The dreaded word ‘compliance’ for many business owners conjures up thoughts of constraints and costs – unnecessary red tape that can become a burden to their businesses. But compliance does not have to be a mere exercise in ticking checkboxes; at Beyond Green, we aim to create real business value from compliance work by facilitating a wider perspective of ‘compliance’. Through a curious mindset we can find ways for compliance requirements to also improve profitability, reduce other business risks, and help you future proof your business against changing expectations.
What is compliance?
The word ‘compliance’ is rather complex – it encompasses statutory regulations enforced by the government, but also voluntary agreements with various stakeholders (customers, membership bodies etc) as well as a general assurance that internal processes are adhered to to manage risks. Let’s break it down and use real examples as to what this means in practice.
Energy Efficiency and Carbon Regulations
When it comes to statutory regulations, two that spring to mind immediately are the Energy Saving Opportunity Scheme (ESOS) and the Streamline Energy and Carbon Reporting (SECR) regulation. These primarily apply to bigger businesses.
Some may consider these regulations to be mere admin tasks, but we take the view that critically engaging with them and asking yourself what each regulation is asking you to consider and why can lead to further business benefits.
We now view ESOS and SECR as drivers to improve energy efficiency and reduce carbon emissions, as well as tools to communicate energy and carbon impacts to stakeholders. Approaching compliance with an open mindset allows you to find hidden cost savings, improve profitability, and enhance your reputation through a reduced carbon footprint. Our energy related compliance work has identified annual cost savings of £501,259 with an average payback of 0.9 years, and is helping businesses on their Net Zero journey.
As a small company, you may not be impacted by the statutory regulations like ESOS and SECR – but the large companies who are often require their supply chain to comply with voluntary requirements. This means that if you do work with bigger companies as a small business, you need to be prepared to provide evidence of your environmental policies.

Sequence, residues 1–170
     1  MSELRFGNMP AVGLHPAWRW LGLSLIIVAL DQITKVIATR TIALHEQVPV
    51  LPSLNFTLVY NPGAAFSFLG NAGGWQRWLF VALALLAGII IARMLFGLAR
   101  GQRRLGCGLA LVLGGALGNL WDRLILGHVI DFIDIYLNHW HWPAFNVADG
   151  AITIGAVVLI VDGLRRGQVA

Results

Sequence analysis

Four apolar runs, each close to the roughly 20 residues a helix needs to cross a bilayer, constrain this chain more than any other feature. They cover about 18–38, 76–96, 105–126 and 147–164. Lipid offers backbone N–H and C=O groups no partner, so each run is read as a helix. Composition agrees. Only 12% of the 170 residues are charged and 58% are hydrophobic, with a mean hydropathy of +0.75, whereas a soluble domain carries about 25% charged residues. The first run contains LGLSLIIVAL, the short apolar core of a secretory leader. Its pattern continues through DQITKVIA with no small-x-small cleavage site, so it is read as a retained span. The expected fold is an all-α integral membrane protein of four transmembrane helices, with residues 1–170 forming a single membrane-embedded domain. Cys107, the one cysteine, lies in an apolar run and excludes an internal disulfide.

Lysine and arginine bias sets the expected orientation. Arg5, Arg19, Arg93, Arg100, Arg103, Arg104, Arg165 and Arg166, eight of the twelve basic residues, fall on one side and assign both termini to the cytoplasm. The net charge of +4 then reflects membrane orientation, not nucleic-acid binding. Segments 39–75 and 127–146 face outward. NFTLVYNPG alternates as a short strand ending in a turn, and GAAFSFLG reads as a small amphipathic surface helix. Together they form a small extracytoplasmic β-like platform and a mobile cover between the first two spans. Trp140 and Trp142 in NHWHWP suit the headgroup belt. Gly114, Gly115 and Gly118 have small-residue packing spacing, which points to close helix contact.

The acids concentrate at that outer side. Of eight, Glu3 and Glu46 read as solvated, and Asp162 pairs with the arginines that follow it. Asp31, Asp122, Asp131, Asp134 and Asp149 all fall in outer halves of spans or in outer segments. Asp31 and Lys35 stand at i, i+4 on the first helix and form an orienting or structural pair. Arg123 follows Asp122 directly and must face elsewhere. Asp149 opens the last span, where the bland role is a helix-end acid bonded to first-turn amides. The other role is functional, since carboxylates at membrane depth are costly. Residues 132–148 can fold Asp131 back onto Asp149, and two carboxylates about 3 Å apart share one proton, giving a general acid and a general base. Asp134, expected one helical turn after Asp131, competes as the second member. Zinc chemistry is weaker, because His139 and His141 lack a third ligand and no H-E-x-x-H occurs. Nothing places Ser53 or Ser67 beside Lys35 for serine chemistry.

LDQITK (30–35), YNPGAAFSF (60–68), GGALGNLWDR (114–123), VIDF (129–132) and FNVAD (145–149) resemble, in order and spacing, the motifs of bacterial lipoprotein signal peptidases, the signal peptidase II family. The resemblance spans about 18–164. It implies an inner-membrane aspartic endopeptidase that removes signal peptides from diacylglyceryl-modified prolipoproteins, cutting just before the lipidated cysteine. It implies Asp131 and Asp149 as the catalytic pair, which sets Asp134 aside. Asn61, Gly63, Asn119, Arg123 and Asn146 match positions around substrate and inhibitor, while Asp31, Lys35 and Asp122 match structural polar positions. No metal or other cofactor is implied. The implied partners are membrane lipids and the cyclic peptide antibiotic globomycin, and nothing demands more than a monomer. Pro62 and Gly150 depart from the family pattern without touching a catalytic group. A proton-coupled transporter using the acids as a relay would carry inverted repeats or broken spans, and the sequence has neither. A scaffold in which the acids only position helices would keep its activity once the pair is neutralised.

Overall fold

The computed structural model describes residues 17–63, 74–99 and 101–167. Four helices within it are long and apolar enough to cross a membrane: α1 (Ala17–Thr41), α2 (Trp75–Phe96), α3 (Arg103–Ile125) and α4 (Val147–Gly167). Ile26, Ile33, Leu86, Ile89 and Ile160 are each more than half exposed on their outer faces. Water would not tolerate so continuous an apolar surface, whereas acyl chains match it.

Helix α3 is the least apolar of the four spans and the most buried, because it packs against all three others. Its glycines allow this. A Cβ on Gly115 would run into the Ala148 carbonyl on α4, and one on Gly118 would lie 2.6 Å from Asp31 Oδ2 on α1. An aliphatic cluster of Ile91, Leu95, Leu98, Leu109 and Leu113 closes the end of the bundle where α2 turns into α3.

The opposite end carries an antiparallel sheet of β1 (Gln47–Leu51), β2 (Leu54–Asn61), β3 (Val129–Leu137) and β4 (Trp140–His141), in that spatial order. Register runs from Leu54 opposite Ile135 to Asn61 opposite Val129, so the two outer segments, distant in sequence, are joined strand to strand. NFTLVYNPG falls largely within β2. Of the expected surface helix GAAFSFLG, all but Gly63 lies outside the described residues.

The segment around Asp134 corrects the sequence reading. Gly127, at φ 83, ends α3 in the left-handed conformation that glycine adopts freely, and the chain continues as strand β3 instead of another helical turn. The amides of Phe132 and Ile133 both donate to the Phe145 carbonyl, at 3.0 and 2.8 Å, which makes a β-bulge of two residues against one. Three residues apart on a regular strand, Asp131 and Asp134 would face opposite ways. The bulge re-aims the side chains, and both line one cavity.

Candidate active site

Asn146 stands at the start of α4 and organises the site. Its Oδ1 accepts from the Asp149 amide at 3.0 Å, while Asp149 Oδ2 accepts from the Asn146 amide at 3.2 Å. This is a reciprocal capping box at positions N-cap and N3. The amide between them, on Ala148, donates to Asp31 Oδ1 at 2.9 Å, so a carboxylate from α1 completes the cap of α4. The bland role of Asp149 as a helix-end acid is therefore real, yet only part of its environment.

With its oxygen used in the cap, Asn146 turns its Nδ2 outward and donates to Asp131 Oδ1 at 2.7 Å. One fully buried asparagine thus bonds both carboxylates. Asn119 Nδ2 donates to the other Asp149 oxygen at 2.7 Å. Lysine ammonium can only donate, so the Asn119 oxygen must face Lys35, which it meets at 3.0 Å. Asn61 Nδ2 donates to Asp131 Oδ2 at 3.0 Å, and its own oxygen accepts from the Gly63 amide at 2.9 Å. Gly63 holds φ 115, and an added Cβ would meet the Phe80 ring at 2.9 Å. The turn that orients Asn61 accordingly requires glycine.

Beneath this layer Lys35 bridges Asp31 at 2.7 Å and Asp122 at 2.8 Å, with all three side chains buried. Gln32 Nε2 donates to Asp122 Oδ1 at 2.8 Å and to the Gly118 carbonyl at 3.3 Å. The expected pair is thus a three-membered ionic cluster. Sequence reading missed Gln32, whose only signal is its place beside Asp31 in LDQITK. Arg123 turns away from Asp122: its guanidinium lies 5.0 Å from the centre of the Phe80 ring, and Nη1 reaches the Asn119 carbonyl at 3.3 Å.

Typically, SMEs need to be certified to ISO14001:2015, Archillies, etc to demonstrate responsible environmental management. But there is also a move towards needing to provide more detail now: our clients have needed to outline their environmental risk management, improvement targets and performance for tenders; in the case of Scottish Water, they have even needed to prepare a net zero carbon strategy to 2045. It is no longer enough to tick the box and dust off last year’s environmental policy. To grow your business and win tenders, you will need evidence to show how you are tackling climate change.
In addition to the above, compliance work can also be a tool to test whether a business’s internal systems and data are robust and reliable. This internal assurance is crucial to being able to monitor and improve business performance, as well as to respond to tenders with the confidence that you can deliver on your commitments.
An internal assurance with a business improvement mindset rather than compliance focus can really add value. The value created includes
- identifying large cost savings from monitoring resource use, such as identifying a waste of up to 50% energy spend outwith operational hours;
- using internal audits as an opportunity to empower people working on the frontline to make changes and share good practices;
- winning prestigious awards by substantiating claims with real evidence
We’ve supported clients in using compliance work to meet a number of different goals. For example, Paterson Arran have won a number of awards backed up with the assurance of the data. For Castle Group Scotland, our assurance of the risk of weather events enables them to effectively reduce project risks, and substantially improve profitability. For IOM, their EMS system ensured that they could meet the requirements of an unexpected regulatory audit of their solar PV system.
Projecting Regulatory Pathway
Compliance can be more than an exercise in ticking checkboxes if approached with a curious mindset. We believe that with the right focus, compliance requirements can deliver business value – potentially improving profitability or reducing operational and commercial risks. By adopting a positive and proactive attitude towards voluntary requirements, you can also set your business apart by showing customers and employees how you are working towards the Sustainable Development Goals and preparing for a Net Zero Future. We can help you start on your compliance work; you can get in touch here for more information.